Wind Climate

Using PyWAsP for resource assessment means working with different kinds of wind climate objects. In this glossary we try to clarify the distinctions between them.

Observed Wind Climate

A wind climate “observed” at a specific position, from a meteorogogical mast or a grid point in a weather model. Can be represented either by a multidimensional histogram (binned) or sectorwise weibull parameters (weibull).

Generalized Wind Climate

A wind climate that has been “generalized”, using a flow model, to “remove” local effects caused by the local terrain characteristics, making it “representative” of a larger geographical area, assuming a constant surface roughness in that area. In WAsP, a generalized wind climate is most often represented as sectorwise weibull parameters for a number of generalized surface roughness classes and heights above ground.

Predicted Wind Climate

A “Predicted” wind climate is similar to a observed wind climate, in that it represents the local wind climate at a specific location in space. In WAsP, it is used to describe wind climates that have been modelled from a generalized wind climate to a new location (from where the original wind climate was observed). A predicted wind climate is most often represented as sectorwise weibull parameters but can also be histograms.

Binned Wind Climate

A binned wind climate refers to wind climate represented as multidimensional histogram, of “counts” or “frequency”. Binned wind climates most often takes the form of counts of occurances in 12 sector bins each representing a 30 degree wind direction bin and 30 or more wind speed bins, typically 1 m/s in width, going from 0.0 and up.

Histogram Wind Climate

A histogram wind climate is the same as a binned wind climate.

Weibull Wind Climate

A weibull wind climate is a wind climate where the wind speed distributions are represented by Weibull distribution parameters. Typically these are two-parameter distributions with a shape and scale parameter, typically called “k” and “A”. Most often, Weibull wind climates have 12 sectors with an “k” and “A” value per sector.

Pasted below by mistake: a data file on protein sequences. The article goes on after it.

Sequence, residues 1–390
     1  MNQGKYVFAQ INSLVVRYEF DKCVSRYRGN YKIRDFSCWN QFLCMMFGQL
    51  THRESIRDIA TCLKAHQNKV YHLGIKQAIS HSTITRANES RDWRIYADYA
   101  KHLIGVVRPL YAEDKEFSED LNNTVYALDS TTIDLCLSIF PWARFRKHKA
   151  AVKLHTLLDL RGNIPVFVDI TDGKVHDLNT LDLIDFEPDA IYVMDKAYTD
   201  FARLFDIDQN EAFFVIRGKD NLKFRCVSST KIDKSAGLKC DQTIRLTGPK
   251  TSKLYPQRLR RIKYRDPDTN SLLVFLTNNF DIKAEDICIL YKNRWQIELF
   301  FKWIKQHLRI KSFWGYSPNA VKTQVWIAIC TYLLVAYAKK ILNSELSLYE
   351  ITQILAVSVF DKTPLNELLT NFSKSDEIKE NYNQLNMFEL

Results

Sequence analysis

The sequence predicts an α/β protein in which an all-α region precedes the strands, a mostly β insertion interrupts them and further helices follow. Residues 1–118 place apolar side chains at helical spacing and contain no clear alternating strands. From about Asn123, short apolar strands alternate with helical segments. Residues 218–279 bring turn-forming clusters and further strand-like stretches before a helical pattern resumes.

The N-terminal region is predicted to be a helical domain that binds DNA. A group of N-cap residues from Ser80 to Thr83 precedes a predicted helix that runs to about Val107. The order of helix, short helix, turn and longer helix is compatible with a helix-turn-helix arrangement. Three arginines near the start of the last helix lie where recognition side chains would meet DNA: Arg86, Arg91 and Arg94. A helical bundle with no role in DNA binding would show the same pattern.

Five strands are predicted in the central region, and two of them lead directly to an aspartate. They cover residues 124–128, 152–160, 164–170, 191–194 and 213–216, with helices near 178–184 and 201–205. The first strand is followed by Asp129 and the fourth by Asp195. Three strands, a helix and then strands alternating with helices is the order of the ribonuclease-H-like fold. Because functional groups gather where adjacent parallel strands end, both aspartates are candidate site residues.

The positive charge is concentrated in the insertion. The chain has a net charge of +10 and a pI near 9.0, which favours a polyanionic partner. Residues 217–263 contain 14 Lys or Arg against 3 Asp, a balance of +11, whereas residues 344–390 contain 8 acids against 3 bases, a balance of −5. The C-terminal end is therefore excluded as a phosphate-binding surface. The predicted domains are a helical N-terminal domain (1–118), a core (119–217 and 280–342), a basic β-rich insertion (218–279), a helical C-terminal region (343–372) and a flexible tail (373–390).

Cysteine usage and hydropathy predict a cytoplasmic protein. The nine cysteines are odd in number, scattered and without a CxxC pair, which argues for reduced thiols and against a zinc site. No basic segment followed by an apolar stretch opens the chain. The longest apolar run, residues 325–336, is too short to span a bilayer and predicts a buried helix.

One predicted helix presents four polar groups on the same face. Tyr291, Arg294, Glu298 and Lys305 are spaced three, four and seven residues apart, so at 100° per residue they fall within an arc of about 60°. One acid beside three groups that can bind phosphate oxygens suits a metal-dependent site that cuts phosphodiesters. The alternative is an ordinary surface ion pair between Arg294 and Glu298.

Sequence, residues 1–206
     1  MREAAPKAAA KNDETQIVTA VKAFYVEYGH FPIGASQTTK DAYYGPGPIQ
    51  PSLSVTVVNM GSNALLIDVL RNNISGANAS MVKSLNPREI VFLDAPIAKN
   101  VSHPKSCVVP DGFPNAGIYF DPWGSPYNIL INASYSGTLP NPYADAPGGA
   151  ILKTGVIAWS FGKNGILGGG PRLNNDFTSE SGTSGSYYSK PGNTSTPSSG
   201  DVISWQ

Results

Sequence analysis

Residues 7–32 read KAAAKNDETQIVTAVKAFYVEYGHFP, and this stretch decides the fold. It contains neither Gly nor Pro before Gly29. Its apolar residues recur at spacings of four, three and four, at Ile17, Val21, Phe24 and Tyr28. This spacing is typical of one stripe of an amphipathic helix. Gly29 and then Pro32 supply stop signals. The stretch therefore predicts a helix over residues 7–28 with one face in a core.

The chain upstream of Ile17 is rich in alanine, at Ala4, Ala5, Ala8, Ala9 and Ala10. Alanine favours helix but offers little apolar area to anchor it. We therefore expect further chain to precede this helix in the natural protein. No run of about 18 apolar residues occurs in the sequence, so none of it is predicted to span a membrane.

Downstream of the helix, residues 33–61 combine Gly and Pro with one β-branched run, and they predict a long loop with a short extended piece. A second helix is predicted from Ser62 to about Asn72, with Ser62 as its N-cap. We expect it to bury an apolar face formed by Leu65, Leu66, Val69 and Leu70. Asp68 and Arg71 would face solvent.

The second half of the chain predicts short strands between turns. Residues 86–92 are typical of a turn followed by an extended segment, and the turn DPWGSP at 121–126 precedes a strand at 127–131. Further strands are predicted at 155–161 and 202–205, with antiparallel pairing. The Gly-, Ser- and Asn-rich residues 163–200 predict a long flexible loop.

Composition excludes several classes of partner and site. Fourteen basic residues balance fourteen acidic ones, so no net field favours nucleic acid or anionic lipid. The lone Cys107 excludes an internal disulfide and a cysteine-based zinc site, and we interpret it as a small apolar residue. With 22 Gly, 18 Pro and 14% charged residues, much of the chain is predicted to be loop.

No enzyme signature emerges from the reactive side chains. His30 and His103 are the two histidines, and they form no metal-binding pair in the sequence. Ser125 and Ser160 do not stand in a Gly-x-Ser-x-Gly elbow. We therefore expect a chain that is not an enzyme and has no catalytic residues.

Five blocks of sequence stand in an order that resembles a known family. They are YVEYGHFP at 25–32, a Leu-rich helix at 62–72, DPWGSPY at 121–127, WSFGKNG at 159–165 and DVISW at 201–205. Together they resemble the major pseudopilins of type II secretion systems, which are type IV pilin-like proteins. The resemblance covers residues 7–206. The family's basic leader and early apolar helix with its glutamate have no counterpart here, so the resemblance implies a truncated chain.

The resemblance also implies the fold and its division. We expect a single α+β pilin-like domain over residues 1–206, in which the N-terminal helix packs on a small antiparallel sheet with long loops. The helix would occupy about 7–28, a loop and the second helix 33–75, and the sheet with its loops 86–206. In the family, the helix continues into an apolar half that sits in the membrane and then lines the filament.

Observed, Generalized, and predicted wind climates can each be both binned or weibull-based wind climates, but, historically, observed wind climates have most often been represented as binned wind climates, while weibull fits have been used for generalized and predicted wind climates.


The subtle differences between “topograhy”, “terrain”, “orography”, and other words describing the world we try to model, can be confusing, and are often used interchangingly, and perhaps inconsistently, including by us in this user-guide. However, this is the terminology we try to adhere to:


Topography refers to the detailed description and mapping of the surface features of a particular area, including the shape and elevation of the land and the location of natural and man-made features.


Terrain refers to the physical features of a piece of land, such as hills, valleys, and bodies of water.


Orography refers to the study of mountains and mountain ranges, including their formation, structure, and distribution.


Elevation refers to the height of a point or object above a reference level, such as sea level.

Surface roughness

Surface roughness is the variations in the surface of the earth that affect the flow of wind, including natural features such as hills, valleys, and vegetation, as well as man-made features such as buildings and structures.

Land use

Land use refers to the way in which a particular piece of land is used, such as for agriculture, residential, commercial, or industrial purposes.

Land cover

The land cover is the physical material that covers a piece of land, such as grass, trees, water, or pavement. This can also include human-made structures such as buildings and roads. Land cover can affect the flow of wind, and can be used to identify areas that may be more suitable for wind energy development.

Vector map

A vector map is a type of map that uses points, lines, and polygons to represent geographical information. Vector maps are made up of discrete geographic features, such as roads, rivers, and land cover types, rather than continuous data like raster maps. Vector maps are useful for representing discrete features, such as buildings, roads, and other infrastructure, with precision and accuracy. They are also useful for storing and manipulating data in a geographic information system (GIS) and they are often used for wind resource assessment analysis.

Raster map

Raster maps are maps that uses a grid of cells or pixels to represent geographical information. Each cell or pixel has a specific value or color that corresponds to a particular feature or attribute of the area being mapped. Raster maps are often used for displaying satellite imagery, digital elevation models, and other types of data that vary continuously across a landscape.


WAsP Method

The process of generalizing a observed wind climate and downscaling to new locations using the WAsP flow model

WAsP Model

A flow model utilizing a collection of fast linearized submodels to capture effects on the wind due to orograhy, surface roughness, and the atmospheric stability conditions

WAsP Program

A Windows GUI program interfacing to the WAsP core library, including the WAsP flow model

WAsP Bundle

A collection of WAsP related software programs, including “WAsP”, “WAsP Enegineering”, “Terrain Editor”, “Wind Analysis Tool”, and more.

WAsP Enegineering

A WAsP Program for site assessment.


A RANS-based method using EllipSys3D in combination with the WAsP method for improved accuracy in complex terrain



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